Decoding In-Context Learning: Neuroscience-inspired Analysis of Representations in Large Language Models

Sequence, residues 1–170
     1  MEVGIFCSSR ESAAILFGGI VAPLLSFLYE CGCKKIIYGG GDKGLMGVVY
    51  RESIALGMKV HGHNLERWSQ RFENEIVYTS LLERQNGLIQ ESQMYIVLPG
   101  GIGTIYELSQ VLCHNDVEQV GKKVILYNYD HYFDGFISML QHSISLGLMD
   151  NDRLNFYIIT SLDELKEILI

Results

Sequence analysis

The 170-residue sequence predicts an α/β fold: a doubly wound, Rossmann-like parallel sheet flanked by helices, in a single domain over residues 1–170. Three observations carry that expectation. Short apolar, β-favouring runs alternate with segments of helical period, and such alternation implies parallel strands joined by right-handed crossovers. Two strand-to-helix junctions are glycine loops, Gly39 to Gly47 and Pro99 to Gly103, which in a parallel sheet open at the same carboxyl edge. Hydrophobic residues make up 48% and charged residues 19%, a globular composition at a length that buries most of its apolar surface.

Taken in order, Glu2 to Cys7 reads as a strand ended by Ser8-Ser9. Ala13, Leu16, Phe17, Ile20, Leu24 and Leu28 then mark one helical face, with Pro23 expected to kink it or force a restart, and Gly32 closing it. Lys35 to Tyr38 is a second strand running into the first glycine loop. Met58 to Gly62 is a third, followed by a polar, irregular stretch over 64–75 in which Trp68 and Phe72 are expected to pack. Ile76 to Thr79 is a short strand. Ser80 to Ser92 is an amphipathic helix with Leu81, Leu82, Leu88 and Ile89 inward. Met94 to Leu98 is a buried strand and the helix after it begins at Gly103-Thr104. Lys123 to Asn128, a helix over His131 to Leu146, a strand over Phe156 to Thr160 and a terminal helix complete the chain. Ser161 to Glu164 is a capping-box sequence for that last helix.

Large language models (LLMs) exhibit remarkable performance improvement through in-context learning (ICL) by leveraging task-specific examples in the input. However, the mechanisms behind this improvement remain elusive. In this work, we investigate how LLM embeddings and attention representations change following in-context-learning, and how these changes mediate improvement in behavior. We employ neuroscience-inspired techniques such as representational similarity analysis (RSA) and propose novel methods for parameterized probing and measuring ratio of attention to relevant vs. irrelevant information in Llama-2 70B and Vicuna 13B. We designed two tasks with a priori relationships among their conditions: linear regression and reading comprehension. We formed hypotheses about expected similarities in task representations and measured hypothesis alignment of LLM representations before and after ICL as well as changes in attention. Our analyses revealed a meaningful correlation between improvements in behavior after ICL and changes in both embeddings and attention weights across LLM layers. This empirical framework empowers a nuanced understanding of how latent representations shape LLM behavior, offering valuable tools and insights for future research and practical applications.